Thursday, April 12, 2012

New Sarepta High's All-Candidate Forum

Last night saw the largest crowd in the eight-year history of the New Sarepta Political Forum.  Every election... municipal, provincial or federal, social studies teacher Kirsten Newman has her grade 10 social studies class invite candidates to introduce themselves, explain their party's platform and answer questions posed by the students and all the people in the community.

Last night, along with candidates from the governing Progressive Conservatives, the Wildrose Party and the NDP, I had a chance to introduce the new Alberta Party to voters.  Unfortunately, the Liberal candidate didn't attend.  Neither he, nor the ND candidate are from the constituency (which I find a cynical response to an election for local representation... but I won't deal with that now)

Over 120 people showed up to hear the four of us explain our vision for Alberta's future.  A huge portion of the crowd walked into that gym believing their voting choices were limited to the ruling PCs or their conservative cousins... the Wildrose Party.  I have a personal bias, but I'm pretty sure nearly all of them walked out shaking their heads, kind of shocked another credible choice had been offered to them... one they hadn't even considered two hours earlier.

Our current MLA George Rogers was his usual, articulate self... but there were some hard questions for him which he handled with noticeable (not by me... but the audience) disdain.  The Wildrose candidate was a gentleman, but  not up to the task of making his party look like a positive, inspiring choice.  When asked for an explanation of his comments (last week) in a local paper describing today's young people as lazy, he provided a wandering story about his experience in business, teaching young people a work ethic.  He ended on an even more negative note, saying today's parents are failing their children.  That was not well-received... even by those tired of the PCs.

At the end of the night, I couldn't get out of the gym because of the number of people waiting to talk to me.  Hard right conservatives posed good questions about the Alberta Party. Dyed-in-the-wool supporters of the PCs told me, "I'm tired of George... and your party is something to consider." One older woman asked  if I really believed in the Alberta Party, and why voting for us isn't a wasted vote.  When I mused Albertans had so long voted against what we don't want, we had forgotten how to dream and hope.  If we don't start voting and supporting good ideas... even when they're young... we'll sink deeper into a malaise of cynicism and antagonism.  I hope my passion makes a small difference in her last moment in the ballot box.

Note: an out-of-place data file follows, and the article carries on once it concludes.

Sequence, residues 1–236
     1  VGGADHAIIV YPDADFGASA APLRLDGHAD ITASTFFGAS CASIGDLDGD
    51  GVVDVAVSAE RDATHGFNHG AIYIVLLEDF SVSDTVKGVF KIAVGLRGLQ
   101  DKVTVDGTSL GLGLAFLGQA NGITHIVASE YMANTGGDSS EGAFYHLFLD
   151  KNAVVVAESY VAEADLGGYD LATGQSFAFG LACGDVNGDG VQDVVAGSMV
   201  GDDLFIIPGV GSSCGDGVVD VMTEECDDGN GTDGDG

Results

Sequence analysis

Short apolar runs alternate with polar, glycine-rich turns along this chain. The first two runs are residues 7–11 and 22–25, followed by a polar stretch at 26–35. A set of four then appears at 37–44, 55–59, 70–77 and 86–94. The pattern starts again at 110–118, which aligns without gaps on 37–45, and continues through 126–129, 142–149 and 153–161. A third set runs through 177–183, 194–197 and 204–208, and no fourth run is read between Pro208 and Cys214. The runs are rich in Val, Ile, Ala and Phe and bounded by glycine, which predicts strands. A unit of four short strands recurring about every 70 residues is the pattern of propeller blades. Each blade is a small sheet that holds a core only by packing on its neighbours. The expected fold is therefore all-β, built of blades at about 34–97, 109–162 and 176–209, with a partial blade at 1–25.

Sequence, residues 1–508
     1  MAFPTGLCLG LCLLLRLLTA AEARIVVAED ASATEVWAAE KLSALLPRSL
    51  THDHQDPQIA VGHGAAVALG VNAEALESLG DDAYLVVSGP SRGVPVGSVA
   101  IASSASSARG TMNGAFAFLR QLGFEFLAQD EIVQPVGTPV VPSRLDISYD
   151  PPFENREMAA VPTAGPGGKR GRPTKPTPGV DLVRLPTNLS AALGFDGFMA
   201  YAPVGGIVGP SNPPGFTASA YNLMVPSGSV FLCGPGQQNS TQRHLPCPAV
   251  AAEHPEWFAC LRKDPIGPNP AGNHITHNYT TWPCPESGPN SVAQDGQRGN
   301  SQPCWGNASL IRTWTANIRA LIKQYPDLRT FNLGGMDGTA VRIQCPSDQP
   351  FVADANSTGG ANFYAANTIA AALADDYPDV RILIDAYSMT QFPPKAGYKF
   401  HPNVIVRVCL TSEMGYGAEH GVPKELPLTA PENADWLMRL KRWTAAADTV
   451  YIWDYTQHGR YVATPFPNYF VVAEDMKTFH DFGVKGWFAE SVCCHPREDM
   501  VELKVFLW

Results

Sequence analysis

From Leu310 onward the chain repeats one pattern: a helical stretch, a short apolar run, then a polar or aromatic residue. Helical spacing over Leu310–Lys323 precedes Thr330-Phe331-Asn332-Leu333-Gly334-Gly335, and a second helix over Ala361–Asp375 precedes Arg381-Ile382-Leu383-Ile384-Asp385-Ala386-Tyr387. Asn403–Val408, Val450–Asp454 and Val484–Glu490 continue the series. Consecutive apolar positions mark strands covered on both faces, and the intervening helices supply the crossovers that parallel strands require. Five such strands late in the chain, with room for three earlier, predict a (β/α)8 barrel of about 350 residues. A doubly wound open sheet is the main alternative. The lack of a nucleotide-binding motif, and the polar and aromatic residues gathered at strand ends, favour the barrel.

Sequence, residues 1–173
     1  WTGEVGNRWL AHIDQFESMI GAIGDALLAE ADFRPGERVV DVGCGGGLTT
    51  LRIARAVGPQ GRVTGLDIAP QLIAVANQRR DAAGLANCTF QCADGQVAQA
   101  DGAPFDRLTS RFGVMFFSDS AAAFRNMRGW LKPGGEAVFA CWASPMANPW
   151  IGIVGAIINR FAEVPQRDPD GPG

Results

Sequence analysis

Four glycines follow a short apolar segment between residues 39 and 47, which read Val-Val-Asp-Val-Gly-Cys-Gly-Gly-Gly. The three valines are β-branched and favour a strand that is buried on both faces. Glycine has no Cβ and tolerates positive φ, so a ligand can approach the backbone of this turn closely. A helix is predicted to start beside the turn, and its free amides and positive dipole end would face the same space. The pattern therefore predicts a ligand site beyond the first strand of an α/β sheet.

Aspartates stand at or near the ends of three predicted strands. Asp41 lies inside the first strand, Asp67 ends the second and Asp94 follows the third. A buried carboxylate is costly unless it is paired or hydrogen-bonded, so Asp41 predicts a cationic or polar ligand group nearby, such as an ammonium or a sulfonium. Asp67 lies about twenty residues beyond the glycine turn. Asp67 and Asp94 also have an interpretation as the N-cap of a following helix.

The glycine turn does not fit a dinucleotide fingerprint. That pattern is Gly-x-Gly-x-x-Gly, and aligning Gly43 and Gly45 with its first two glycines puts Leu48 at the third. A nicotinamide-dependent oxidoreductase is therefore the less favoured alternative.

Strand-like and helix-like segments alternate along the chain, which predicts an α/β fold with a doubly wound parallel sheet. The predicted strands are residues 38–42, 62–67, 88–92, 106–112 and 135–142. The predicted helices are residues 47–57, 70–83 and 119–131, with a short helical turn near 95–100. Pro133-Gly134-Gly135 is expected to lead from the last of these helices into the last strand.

And here's the kicker (at least for me)... a very influential man in the community--and one who I never suspected I could move--approached me and asked to meet  for coffee. He said, "I think you might be able to have my vote.   I just want to talk about a few things.  I want to be convinced."  Wow! 

I suspect he wants to talk about are my feelings about abortion and and right-to-life issues.  I may not be able to convince him... because while I personally live an incredibly traditionally straight lifestyle, I accept differences without judgement.  What was striking though is that I got so far by talking about the Alberta Party and our way of looking at politics.

When I was a Green candidate, I always campaigned knowing my political affiliation  shut people down before they could hear what I had to say.  Telling people in east-central Alberta I was a Green was like slamming a door on someone's ability to accept a new idea... no matter how good it might be.  That was the biggest outcome (for me) last night; the message of the Alberta Party sold itself.  It is something a lot of people are craving.

Regardless of what happens on election day on the 23rd, the Alberta Party is a big idea... one Albertans are waiting for.

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